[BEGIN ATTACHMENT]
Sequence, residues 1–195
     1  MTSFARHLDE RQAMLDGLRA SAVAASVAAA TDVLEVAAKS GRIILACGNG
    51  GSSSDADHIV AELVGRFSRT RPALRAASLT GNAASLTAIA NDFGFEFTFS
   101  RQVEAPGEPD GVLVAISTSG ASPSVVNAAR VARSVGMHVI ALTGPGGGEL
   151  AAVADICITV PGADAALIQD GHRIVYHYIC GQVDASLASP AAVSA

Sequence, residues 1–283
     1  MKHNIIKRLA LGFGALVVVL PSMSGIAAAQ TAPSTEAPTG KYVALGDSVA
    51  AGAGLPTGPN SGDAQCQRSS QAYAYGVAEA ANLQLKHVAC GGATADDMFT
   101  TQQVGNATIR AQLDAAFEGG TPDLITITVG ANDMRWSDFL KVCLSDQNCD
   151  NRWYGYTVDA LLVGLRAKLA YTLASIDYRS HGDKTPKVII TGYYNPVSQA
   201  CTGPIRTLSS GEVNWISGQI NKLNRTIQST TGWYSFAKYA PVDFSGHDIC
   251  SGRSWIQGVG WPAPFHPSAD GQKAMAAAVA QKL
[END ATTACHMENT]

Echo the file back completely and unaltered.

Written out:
Sequence, residues 1–195
     1  MTSFARHLDE RQAMLDGLRA SAVAASVAAA TDVLEVAAKS GRIILACGNG
    51  GSSSDADHIV AELVGRFSRT RPALRAASLT GNAASLTAIA NDFGFEFTFS
   101  RQVEAPGEPD GVLVAISTSG ASPSVVNAAR VARSVGMHVI ALTGPGGGEL
   151  AAVADICITV PGADAALIQD GHRIVYHYIC GQVDASLASP AAVSA

Sequence, residues 1–283
     1  MKHNIIKRLA LGFGALVVVL PSMSGIAAAQ TAPSTEAPTG KYVALGDSVA
    51  AGAGLPTGPN SGDAQCQRSS QAYAYGVAEA ANLQLKHVAC GGATADDMFT
   101  TQQVGNATIR AQLDAAFEGG TPDLITITVG ANDMRWSDFL KVCLSDQNCD
   151  NRWYGYTVDA LLVGLRAKLA YTLASIDYRS HGDKTPKVII TGYYNPVSQA
   201  CTGPIRTLSS GEVNWISGQI NKLNRTIQST TGWYSFAKYA PVDFSGHDIC
   251  SGRSWIQGVG WPAPFHPSAD GQKAMAAAVA QKL